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I need to save a class with list of countries in statics for caching.

the data is built with

string shortName //Primary Key - (IL or UK for example)
int ID //Unique - has no meaning, but needs to be saved
string longName //(Israel or United Kingdom for example)

I thought of saving it in a Dictionary:

Dictionary<string , Dictionary<int,string>> list = new Dictionary<string, Dictionary<int,string>>();

this is the API that i need in the class:

 Countries.getByShortName();// I dont know what to return, I'd love some advise
 Countries.getById();// I might need that
 Countries.getAll();// I dont know what to return, I'd love some advise

What do you think is the best way of handling this class?

thanks

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Define types to hold your data instead of using a dictionary? –  Jeff Mercado Sep 27 '11 at 10:33
    
@JeffMercado Care to provide an example? thanks –  SexyMF Sep 27 '11 at 10:34
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5 Answers

up vote 0 down vote accepted

I suggest the use of static methods:

public class Country
{
    public   string ShortName {get;set;}
    public int ID {get;set;}
    public string LongName { get; set; }
}

public class Countries
{
   static  Dictionary<string, Country> dict = new Dictionary<string, Country>();
   public static void Add(Country country)
   {
       if (!dict.ContainsKey(country.ShortName))
           dict.Add(country.ShortName, country);
   }
   public static Country GetByShortName(string ShortName)
   {
       if (dict.ContainsKey(ShortName))
           return dict[ShortName];
       return null;
   }
   public static Country GetById(int id)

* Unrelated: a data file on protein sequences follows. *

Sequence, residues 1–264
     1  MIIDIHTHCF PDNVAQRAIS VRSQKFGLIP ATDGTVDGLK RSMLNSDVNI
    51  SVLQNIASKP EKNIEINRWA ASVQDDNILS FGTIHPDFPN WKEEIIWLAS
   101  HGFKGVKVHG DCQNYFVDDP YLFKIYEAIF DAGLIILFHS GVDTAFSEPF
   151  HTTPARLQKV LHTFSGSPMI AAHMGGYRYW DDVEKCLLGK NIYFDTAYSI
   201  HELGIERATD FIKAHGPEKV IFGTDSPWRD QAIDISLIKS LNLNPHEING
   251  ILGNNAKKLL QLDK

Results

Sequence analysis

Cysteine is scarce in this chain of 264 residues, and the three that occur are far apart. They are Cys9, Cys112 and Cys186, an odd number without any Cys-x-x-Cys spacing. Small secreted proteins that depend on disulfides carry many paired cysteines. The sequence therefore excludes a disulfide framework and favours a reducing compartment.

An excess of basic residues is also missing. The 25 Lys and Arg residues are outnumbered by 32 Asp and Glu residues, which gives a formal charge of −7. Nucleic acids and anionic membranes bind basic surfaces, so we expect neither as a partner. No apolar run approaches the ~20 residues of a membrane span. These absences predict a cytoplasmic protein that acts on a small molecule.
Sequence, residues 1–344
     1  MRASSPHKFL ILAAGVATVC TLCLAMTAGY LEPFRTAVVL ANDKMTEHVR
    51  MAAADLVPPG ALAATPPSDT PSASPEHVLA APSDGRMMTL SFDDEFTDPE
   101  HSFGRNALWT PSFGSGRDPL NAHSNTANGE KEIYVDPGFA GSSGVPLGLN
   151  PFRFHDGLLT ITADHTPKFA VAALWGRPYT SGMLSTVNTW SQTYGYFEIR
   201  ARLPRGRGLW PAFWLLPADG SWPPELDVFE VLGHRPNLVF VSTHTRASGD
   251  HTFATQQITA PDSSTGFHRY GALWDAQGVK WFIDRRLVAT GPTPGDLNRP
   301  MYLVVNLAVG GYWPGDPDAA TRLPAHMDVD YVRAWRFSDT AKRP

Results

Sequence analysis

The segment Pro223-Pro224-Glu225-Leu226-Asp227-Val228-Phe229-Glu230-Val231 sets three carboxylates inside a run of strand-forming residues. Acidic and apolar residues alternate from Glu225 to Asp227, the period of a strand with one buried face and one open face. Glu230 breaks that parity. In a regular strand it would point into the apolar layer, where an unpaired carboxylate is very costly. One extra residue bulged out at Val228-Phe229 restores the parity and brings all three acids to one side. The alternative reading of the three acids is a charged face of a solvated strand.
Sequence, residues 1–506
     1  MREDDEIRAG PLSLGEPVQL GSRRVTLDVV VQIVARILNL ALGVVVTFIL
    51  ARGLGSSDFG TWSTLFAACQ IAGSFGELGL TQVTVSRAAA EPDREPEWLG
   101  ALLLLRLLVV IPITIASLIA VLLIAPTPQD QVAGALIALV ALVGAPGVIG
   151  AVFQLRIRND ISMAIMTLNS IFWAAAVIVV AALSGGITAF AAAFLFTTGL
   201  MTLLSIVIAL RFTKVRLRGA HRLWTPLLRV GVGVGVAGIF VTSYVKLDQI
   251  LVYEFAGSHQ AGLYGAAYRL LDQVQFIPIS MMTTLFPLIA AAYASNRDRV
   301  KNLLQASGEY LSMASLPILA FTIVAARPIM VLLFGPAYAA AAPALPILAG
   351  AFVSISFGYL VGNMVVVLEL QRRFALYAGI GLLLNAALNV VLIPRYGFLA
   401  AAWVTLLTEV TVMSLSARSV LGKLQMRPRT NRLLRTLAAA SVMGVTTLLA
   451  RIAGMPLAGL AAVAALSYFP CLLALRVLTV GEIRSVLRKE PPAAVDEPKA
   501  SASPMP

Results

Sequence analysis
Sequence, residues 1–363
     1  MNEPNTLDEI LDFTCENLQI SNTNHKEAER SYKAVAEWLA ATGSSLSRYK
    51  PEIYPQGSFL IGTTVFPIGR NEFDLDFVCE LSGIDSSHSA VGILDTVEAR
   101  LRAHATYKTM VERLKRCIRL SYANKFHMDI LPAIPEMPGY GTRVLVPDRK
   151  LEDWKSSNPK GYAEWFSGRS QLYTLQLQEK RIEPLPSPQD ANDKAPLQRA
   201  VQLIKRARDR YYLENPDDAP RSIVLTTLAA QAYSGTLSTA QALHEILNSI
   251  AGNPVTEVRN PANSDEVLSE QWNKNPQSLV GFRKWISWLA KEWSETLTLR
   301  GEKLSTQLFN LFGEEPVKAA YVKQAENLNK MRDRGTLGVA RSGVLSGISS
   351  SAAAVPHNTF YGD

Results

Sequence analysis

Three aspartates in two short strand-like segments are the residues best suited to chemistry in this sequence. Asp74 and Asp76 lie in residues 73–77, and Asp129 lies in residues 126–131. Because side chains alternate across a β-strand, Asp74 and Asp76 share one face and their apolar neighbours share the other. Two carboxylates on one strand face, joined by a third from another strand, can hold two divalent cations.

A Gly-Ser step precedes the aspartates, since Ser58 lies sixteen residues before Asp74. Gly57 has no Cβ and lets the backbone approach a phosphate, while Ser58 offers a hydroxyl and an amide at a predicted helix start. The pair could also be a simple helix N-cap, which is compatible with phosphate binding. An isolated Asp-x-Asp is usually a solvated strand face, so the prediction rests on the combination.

{
       var result = from country in dict
                    where country.Value.ID==id
                    select new Country
                    {
                        ID = country.Value.ID,
                        ShortName = country.Value.ShortName,
                        LongName = country.Value.LongName
                    };
       return result.SingleOrDefault();
   }
   public static List<Country> GetAll()
   {
       var result = from country in dict
                    select new Country
                    {
                        ID = country.Value.ID,
                        ShortName = country.Value.ShortName,
                        LongName = country.Value.LongName
                    };
       return result.ToList();
   }
}
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How about using a struct or class?

class Country
{
    string shortName; // Primary Key - (IL or UK for example)
    int ID; // Unique - has no meaning, but needs to be saved
    string longName; // (Israel or United Kingdom for example)
}

You can then store your countries in a generic List, for example:

List<Country> countries = new List<Country>();
countries.Add(new Country()
{
    shortName = "UK",
    ID = 1,
    longName = "United Kingdom",
});

Implementing your given methods then becomes very straightforward:

Country getByShortName(string shortName)
{
    foreach (Country country in countries)
    {
        if (country.shortName == shortName)
        {